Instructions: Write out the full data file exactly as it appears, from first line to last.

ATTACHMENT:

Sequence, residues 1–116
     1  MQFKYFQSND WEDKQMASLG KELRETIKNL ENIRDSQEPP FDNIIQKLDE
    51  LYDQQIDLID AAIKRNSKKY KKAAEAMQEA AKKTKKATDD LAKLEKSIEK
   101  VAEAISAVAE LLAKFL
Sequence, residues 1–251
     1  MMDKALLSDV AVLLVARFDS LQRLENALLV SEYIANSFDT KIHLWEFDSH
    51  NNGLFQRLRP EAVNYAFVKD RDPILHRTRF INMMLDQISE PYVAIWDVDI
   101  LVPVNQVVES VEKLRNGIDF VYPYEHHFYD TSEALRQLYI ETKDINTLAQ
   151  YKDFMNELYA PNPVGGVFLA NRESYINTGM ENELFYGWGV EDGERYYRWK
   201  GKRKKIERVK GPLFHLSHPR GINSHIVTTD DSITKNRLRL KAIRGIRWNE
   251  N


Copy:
Sequence, residues 1–116
     1  MQFKYFQSND WEDKQMASLG KELRETIKNL ENIRDSQEPP FDNIIQKLDE
    51  LYDQQIDLID AAIKRNSKKY KKAAEAMQEA AKKTKKATDD LAKLEKSIEK
   101  VAEAISAVAE LLAKFL
Sequence, residues 1–251
     1  MMDKALLSDV AVLLVARFDS LQRLENALLV SEYIANSFDT KIHLWEFDSH
    51  NNGLFQRLRP EAVNYAFVKD RDPILHRTRF INMMLDQISE PYVAIWDVDI
   101  LVPVNQVVES VEKLRNGIDF VYPYEHHFYD TSEALRQLYI ETKDINTLAQ
   151  YKDFMNELYA PNPVGGVFLA NRESYINTGM ENELFYGWGV EDGERYYRWK
   201  GKRKKIERVK GPLFHLSHPR GINSHIVTTD DSITKNRLRL KAIRGIRWNE
   251  N